Living With(out) Limits from Celiac Disease

Since childhood, we are raised to believe that the world is limitless. Dreams can come true, impossibilities may become possible, and hard work can pay off. Cue the horror music as celiac disease stomps into the picture, kicking all of these beliefs to the curb.

Celiac disease, by its very nature, involves limits. Limits on what foods put into our bodies, limits on the social activities to attend, limits on what products are slathered on our skin. Sometimes, though, a so-called limit needs to be blown to pieces. For the common good, of course.

I dropped my first bomb on Tuesday when I laced up my black soccer cleats for the first time since my diagnosis. Soccer practice. The only better two words are "Soccer game." Except, when I stepped onto that grass field, my eyes on Coach Jack a few paces ahead, I'm the one who felt the shock waves. 

Excitement. I scored on this field on our last soccer game. 

Fear. I haven't ran in months! Or even touched a soccer ball! 

Determination. Yes. I'm finally here. 

I already texted my coach and told him the deal. I hated every word while writing it and every minute waiting for the reply. I've always had a problem admitting weakness and I'm competitive with myself to a fault. If I played awesome soccer last year, this year I want to be even better.

My coach told me to step out of line and rest if needed. Thing is, celiac disease may have messed with my body, but my competitive drive hasn't budged. 

I appreciate his concern, just as I appreciate my parents' urges to start easy and work my way up. And when we jogged through our first round of exercises, my inner couch potato whispered that excuse in my mind while my body screamed in protest. "Running?" It said. "Really you're running now? What happened to horizontal jogging on the couch?"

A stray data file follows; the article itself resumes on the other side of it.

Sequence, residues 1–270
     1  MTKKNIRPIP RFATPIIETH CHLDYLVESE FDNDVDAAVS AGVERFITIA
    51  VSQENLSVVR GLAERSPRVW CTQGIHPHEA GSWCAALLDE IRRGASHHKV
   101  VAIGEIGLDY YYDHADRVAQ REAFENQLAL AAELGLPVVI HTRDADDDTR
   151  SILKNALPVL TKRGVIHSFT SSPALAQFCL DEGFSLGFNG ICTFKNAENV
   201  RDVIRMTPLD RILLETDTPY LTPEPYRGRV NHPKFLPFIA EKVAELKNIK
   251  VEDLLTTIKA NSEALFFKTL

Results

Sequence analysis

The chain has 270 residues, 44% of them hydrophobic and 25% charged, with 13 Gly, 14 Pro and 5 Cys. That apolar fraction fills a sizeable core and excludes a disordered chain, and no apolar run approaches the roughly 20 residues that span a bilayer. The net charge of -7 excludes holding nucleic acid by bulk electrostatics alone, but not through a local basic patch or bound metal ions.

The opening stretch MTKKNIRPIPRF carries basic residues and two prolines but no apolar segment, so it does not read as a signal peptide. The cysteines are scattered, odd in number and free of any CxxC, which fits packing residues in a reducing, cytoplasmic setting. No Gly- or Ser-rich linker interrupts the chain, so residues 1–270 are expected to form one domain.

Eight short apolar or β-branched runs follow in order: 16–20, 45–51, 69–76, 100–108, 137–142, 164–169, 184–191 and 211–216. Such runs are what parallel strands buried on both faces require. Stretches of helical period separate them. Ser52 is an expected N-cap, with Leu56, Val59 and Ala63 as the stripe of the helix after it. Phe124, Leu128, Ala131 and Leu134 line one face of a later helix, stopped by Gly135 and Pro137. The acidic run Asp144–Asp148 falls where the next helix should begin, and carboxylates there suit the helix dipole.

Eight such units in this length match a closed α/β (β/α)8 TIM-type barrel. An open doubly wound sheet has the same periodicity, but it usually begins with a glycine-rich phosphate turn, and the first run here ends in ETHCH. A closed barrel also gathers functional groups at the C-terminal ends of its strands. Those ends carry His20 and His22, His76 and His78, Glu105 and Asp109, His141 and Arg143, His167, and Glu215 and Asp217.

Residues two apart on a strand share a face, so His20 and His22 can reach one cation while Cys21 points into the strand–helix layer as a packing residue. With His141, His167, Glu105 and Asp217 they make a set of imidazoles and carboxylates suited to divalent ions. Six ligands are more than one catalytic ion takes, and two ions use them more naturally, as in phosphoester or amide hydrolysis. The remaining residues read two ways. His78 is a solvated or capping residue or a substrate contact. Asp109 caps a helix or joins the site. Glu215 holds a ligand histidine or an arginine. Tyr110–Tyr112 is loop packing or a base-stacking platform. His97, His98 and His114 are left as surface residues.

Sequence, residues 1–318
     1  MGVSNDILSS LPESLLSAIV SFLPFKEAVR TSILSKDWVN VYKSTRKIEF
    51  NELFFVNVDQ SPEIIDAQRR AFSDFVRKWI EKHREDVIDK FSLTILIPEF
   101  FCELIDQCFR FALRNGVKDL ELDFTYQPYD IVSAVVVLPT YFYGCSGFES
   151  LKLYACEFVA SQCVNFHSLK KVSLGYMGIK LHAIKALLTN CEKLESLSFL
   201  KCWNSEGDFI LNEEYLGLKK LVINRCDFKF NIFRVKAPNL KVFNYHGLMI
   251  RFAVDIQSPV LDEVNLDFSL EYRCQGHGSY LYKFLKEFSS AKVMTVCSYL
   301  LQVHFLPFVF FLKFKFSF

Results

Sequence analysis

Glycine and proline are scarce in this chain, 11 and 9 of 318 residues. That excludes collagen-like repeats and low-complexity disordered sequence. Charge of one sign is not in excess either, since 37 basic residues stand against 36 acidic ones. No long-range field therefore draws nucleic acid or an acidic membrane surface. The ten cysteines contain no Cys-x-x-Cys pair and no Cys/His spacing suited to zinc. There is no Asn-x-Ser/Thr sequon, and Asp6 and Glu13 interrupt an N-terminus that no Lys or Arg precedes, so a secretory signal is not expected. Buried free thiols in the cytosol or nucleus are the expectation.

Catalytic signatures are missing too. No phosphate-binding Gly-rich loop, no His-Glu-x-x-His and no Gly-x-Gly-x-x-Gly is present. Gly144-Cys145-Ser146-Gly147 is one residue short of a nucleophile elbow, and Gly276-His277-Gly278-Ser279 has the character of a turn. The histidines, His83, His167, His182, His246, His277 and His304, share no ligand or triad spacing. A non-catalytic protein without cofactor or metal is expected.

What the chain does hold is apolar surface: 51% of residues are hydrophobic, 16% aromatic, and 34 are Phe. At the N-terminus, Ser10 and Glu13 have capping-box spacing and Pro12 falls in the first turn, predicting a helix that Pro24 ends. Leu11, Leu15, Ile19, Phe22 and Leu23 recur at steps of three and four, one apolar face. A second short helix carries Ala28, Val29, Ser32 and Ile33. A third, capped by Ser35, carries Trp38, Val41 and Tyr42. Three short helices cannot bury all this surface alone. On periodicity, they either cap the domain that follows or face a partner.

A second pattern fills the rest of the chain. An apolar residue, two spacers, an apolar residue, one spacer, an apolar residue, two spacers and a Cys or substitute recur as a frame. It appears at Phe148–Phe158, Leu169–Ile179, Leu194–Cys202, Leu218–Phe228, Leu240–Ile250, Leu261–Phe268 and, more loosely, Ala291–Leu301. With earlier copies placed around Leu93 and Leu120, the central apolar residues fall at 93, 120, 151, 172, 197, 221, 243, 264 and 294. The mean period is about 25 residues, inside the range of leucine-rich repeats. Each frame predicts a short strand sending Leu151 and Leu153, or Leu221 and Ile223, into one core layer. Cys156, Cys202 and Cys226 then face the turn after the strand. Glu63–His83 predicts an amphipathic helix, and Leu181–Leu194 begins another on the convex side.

Nobody would blame me if I stepped out of line, I knew. I had the Golden Ticket - without the chocolate, unfortunately. But what would the fun in that be? And, despite the pain, that's exactly what it was.

No pain, no gain
I juggled the ball, zigzagged around other players, laughed with my friends over bad passes. I ran and sweat and kicked and pivoted for an hour and a half, never more than a step behind. 

And, really, for me, there is no better high than hearing the thud of cleats against rubber, feeling the caress of a slight breeze on slippery skin. For the first time in a while, I was dying a perfect death as I pushed my body past any of celiac disease's physical limits.

I wasn't the recovering celiac; I was one girl in a throng of soccer players, each dirty and exhausted but too happy to mind. 

Of course, the aches and pains crept in on me later. A blister on my foot. An ache in my ribs from breathing so hard. The discreet shriek of my muscles, unfamiliar with such demanding physical activity. But I'm going to practice again tonight and I don't care at all

The truth is, some of the limits set by celiac disease shouldn't be crossed. Don't eat gluten. Don't pick the strawberry scented shampoo over the bland, gluten free version. But, at the same time, don't live in a world whose borders are decided by celiacs.

When I was younger, I dreamed of being an astronaut. Floating around in a pool of black, leaving the boundaries of reality behind to enjoy a universe of fantastical porportions. I may not go into space, but, three months since my diagnosis, I'm examining the "limits" celiac disease has placed on my life and crossing all the lines I can.

After all, you never know what you can and can't do until you try. As I'm running around the grass field tonight, sweaty shirt glued to my back and ball near my toe, I'll be glad I did.

Do you view celiac disease as limiting? What limits have you challenged? Comment below!


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